An amateur mountain bike athlete known for his recklessness counted three violent falls in the past year. In all of these falls, his head received a violent blow, be it against the ground or a tree. He sees the neurologist days after the last accident; says he is irritable, anxious, and has trouble concentrating. Also sleeps poorly, but has a habit of not falling asleep and considers sleep a waste of time. He came into the office armed with a skull tomography, luckily normal.
However, there is something to be feared. Repeated head injuries can cause dementia in the future. Small intracerebral wounds release clumps of protein inside the skull, causing inflammation and destruction of brain cells, creating more undesirable concentrations and further destruction. Cyclist symptoms are alarming.
Sleepless nights also cause the same concentration of protein. Thus, our intrepid athlete has two risk factors for dementia: his accident history and his inadequate sleep behavior.
The scientific discovery that sheds light on the relationship between sleep and protein globules is relatively new and dates back to 2012. It came about when the gymnastics system was found in rat brains and later inferred to be human. This system is an intracerebral drainage network that removes metabolic debris from the brain and replenishes nutrients. The lines work actively when you sleep and very little when you are awake. Consecutive sleepless nights will shorten the time these pathways function, and therefore there will be an accumulation of toxic waste that could be one of the triggers for brain degeneration that causes dementia.
But even one night of lack of sleep is enough to cause problems with this sensitive drainage device. Neurosurgeon Per Kristian Eide from the University of Oslo and his team have proven this. The researchers injected a marker molecule into the fluid – the fluid that bathes the brain – from volunteers. Then two different groups were formed. Members of one of them did not sleep the following night while the other participants had adequate rest.
The next morning, all participants underwent a cranial magnetic resonance examination, using a special technique that can detect the tracer molecule. What was seen was the persistence of the artifact in the brains of those who had not slept. Surprisingly, after two nights in which none of the volunteers were further sleep deprived, new tests discovered the persistence of the tracer in the brains of those who had not slept that single night. Build-up due to sleep deprivation will not be cleared for the following nights.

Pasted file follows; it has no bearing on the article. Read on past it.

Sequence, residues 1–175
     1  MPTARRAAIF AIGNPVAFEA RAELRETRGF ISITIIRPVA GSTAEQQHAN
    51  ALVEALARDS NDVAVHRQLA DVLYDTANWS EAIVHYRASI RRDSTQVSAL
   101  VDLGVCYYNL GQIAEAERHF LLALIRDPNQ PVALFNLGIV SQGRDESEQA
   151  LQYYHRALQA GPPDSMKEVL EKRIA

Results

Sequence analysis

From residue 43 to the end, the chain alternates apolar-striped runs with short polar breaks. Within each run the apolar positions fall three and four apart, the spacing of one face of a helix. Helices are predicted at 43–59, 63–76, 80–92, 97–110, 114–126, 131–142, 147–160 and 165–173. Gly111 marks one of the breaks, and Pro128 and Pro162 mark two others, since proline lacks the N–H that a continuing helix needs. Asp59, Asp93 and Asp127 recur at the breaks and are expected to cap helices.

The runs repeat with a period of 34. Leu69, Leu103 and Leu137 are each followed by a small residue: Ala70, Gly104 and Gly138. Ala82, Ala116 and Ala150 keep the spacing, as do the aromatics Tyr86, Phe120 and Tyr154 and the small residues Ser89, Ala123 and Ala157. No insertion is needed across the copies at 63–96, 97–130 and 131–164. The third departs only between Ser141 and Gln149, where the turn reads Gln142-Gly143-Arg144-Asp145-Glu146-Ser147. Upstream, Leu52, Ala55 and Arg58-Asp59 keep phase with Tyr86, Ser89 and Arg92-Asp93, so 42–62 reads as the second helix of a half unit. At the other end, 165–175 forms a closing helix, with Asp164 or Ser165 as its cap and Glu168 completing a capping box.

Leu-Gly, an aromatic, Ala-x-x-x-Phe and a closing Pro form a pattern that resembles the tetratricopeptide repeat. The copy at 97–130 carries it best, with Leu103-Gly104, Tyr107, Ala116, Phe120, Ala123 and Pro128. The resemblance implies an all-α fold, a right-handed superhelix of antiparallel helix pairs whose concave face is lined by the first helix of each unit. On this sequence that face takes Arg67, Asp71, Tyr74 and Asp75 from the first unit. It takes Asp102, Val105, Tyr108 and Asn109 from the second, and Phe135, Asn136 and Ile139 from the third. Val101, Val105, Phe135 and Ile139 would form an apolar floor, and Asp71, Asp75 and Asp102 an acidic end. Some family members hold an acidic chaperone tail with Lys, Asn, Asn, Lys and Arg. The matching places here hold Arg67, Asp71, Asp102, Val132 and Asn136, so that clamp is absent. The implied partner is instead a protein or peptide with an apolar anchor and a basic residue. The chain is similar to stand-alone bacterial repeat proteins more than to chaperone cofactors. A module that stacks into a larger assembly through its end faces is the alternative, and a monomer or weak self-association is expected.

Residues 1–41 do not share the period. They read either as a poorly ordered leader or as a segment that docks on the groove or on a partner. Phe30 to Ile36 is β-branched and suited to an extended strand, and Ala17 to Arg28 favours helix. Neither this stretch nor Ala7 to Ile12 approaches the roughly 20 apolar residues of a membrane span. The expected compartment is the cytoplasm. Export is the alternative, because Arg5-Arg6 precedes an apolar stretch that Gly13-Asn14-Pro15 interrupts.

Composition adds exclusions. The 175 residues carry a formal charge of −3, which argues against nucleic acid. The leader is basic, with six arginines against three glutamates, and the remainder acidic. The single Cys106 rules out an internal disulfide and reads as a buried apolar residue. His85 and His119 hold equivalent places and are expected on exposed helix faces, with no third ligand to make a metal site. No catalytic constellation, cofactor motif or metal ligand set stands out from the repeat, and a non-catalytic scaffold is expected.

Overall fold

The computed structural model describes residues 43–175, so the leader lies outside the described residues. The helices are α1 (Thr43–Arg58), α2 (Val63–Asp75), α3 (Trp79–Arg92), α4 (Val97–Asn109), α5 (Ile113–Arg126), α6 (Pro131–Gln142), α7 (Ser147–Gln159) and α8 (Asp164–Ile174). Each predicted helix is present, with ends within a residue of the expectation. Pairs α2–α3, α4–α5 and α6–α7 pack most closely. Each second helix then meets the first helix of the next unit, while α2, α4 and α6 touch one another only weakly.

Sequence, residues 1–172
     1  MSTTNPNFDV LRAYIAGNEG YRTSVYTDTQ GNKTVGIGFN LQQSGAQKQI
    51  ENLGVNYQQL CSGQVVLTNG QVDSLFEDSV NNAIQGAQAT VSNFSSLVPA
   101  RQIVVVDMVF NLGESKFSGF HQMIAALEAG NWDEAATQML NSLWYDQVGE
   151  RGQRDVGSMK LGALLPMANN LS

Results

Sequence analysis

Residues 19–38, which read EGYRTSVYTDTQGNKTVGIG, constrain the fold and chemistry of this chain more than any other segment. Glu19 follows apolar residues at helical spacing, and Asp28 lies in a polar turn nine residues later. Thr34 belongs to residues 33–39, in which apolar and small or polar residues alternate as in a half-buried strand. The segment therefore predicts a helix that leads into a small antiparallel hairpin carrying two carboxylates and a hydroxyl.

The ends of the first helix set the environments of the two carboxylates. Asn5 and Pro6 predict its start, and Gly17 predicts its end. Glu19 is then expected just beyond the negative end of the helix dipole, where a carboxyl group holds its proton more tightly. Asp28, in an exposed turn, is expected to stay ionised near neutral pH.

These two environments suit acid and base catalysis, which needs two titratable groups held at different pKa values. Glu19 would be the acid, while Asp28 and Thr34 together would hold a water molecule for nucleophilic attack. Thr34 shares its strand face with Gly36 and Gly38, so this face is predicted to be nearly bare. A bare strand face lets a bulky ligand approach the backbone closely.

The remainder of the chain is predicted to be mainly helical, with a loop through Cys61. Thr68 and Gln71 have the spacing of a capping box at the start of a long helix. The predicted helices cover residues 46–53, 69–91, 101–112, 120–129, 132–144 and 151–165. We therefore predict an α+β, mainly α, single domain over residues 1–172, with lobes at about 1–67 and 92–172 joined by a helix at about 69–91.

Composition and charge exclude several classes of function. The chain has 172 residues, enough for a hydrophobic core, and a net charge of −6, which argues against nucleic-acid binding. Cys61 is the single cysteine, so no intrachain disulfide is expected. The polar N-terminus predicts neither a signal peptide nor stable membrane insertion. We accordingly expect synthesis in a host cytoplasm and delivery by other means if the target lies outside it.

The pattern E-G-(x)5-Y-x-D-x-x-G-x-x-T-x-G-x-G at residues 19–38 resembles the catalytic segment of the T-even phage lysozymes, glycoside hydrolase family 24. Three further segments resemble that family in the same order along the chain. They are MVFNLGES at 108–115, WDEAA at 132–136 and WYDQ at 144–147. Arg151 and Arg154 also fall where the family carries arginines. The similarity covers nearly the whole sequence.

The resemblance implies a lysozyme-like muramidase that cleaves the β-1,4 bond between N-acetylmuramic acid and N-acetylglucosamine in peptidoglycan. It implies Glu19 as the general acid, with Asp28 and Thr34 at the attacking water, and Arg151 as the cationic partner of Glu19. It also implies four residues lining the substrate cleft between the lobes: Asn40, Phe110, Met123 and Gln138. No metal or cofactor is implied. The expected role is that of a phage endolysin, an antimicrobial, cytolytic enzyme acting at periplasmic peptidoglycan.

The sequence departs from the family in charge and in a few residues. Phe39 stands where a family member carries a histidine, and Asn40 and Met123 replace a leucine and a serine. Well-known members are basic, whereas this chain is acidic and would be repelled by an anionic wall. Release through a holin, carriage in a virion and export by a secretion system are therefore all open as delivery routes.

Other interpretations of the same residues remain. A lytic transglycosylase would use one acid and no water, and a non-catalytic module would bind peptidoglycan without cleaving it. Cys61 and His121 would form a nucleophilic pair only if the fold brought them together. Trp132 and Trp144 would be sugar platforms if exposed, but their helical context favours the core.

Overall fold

This is not the first time that the immediate effects of sleep restrictions have been reported. A cycle of just four hours of sleep for a few consecutive nights raises blood sugar levels to pre-diabetic levels. People who sleep less than five hours in a week produce an inadequate immune response after a flu shot. Young men have a drop in testosterone after just four hours of sleep for four consecutive days, as if they were ten years older. Hospital data collected in Michigan, United States, showed a 24% increase in heart attacks on the day the clocks advanced one hour in response to a government action similar to our daylight saving time.
Our cyclist needs to review his relationship with sleep. Better nights can benefit your health and alertness, with a good impact on your athletic performance and with the potential to reduce your falls.
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Eide, PK; Vinje, V .; Pripp, AH; Mardal, K.-A .; Ringstad, G. Sleep deprivation affects molecular clearance from the human brain. Brain 2021, 144 (3), 863-874. https://doi.org/10.1093/brain/awaa443.
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Daylight Saving Time and Myocardial Infarction Open Heart https://openheart.bmj.com/content/1/1/e000019
Widespread τ and amyloid β pathology many years after a single traumatic human brain injury – PubMed https://pubmed.ncbi.nlm.nih.gov/21714827/.
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